“Racism is as much a driving force in our politics, culture and society as it was on the day of King’s assassination,” lamented an opinion piece in USA Today. “In 2017, more black people died at the hands of the police than the number of black people who were lynched in the worst year of Jim Crow.”

And in 2018, the Chicago Tribune added, “Today’s black poverty rate of 22 per cent is almost three times that of whites. Compared with the 1968 rate of 32 per cent, there’s not been a huge improvement. Financial security, too, still differs dramatically by race. Black households earn $57.30 for every $100 in income earned by white families. And for every $100 in white family wealth, black families hold just $5.04.”

And, as Cobb pointed out in his New Yorker piece, “The shooting death of the nation’s foremost proponent of nonviolence helped spur Congress to pass the Gun Control Act of 1968 … It is either damning irony or inspiring continuity—or, possibly, both—that the fiftieth anniversary of King’s death fell amid the largest antigun-violence mobilization that we had seen since he departed.”

Therein lies the complication of celebrating the life and legacy of Martin Luther King Jr. Is it possible to publicly revere the man and his work while failing to fully follow through on the ideals of peace, equality and non-violence that he gave his life for?

Perhaps the one true way to measure the impact of King’s legacy isn’t through how many of his goals for racial and social equality have been realized but by how the hope he instilled in countless people across generations has propelled progressive society forward in the years since his passing.

“For gay and lesbian (and now trans) Americans, Dr. King showed the power of love, moral witness and persistence to activate the country’s conscience and move seemingly intractable obstacles,” Jonathan Rauch, a Governance Studies Senior Fellow at the Brookings Institute, wrote. “Though the fight for (e.g.) same-sex marriage followed a very different trajectory than Dr. King’s battle, our battle relied from beginning to end on the example and hope he gave.”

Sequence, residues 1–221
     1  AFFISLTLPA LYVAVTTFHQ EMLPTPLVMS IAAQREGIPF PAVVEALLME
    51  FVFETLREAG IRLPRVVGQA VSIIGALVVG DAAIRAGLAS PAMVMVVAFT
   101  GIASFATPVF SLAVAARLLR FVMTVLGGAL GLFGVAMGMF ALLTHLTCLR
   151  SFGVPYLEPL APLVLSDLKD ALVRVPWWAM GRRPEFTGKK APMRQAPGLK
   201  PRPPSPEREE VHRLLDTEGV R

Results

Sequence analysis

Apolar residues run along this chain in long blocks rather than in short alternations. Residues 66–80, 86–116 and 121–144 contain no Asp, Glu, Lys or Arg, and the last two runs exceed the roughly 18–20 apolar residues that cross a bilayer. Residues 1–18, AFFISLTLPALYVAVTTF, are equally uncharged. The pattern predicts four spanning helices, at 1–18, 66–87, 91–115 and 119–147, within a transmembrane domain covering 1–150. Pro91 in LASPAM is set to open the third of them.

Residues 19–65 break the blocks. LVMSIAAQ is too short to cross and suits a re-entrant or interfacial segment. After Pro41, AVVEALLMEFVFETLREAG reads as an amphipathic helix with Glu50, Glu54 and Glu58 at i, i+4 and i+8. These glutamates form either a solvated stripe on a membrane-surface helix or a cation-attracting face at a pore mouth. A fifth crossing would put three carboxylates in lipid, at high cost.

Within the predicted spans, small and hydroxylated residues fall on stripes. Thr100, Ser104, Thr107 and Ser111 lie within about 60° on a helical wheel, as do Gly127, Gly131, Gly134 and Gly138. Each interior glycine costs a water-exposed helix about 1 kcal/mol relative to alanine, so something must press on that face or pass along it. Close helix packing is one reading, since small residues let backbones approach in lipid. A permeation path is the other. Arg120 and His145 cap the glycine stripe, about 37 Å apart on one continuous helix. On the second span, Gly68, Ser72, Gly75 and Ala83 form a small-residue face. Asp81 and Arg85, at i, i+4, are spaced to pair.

And civil rights leader and congressman John Lewis, who worked and marched alongside King, illustrated the power of the ideals King held when speaking to students about an incident of reconciliation with a member of the KKK, who asked his forgiveness decades after bludgeoning up. “That’s the power of the way of peace and love. You respect the dignity and the worth of every human being.”

President Barack Obama added in the same discussion that, “If you are speaking on behalf of social justice, then by definition there’s going to be some controversy because if it wasn’t controversial, then somebody would have already fixed it. Dr. King was controversial, but he studied and thought and crafted what he had to say. He knew, when he spoke, he was expressing a truth as well as he could know it.”

It’s an attitude that informs and inspires everything from Parkland students protesting gun violence to the continued fights for racial and social equality that divide America today.

Meanwhile, the pain of King’s death is still felt by those who were aware of it in 1968, include those who witnessed it first hand. Mary Ellen Ford told TODAY about how, as a 21-year-old cook at the Lorraine Motel, she ran outside with colleagues when she heard the shot that killed King and saw his prone body on the balcony above. “At first I thought it was firecrackers … I’m just dumbfounded. Shocked … This don’t happen here. This is not okay.” She kept her presence at the scene of the shooting secret from friends and loved ones until recently because the pain of the event was too great. As did Rhonda James, who was eight years old when she accompanied her father, saxophonist Ben Branch, and her older brother to the Lorraine Motel to visit Dr. King ahead of her dad’s performance of “Take My Hand, Precious Lord” at a rally later that day. She and her brother waited in the back seat of the car, parked just below the balcony, as her father went in to talk with King. When her dad returned to the car, she recalls King emerging on the balcony.

“Dr. King hollered down to my father,” James told WMC Action News 5. “He said, ‘Ben … I want you to play ‘Precious Lord’ like you’ve never played it before. Play it real pretty.’”

Then a single gunshot shattered everything.

Today, publications around the world, including the New York Times, offer first-hand reminiscences of King’s assassination and sprawling archival coverage of the tragedy, its aftermath and what it means for American society.  This year, in light of the COVID-19 pandemic, the National Civil Rights Museum, located at the Lorraine Motel where King was assassinated, will hold a virtual commemoration of his death, titled “Remembering MLK: The Man. The Movement. The Moment.”

But 52 years ago, Martin Luther King Jr. spoke of the mountaintop, the glory beyond and his confidence that America will reach the promised land. His words, like his life and actions, continue to inspire purpose and progressiveness around the world. His legacy remains so far above that the rest of us still haven’t quite figured out how to propel ourselves to the summit alongside him.

Yes, King has been to the mountaintop. And he told the rest of us we’d get there too. What he never promised is that it’d be an easy climb.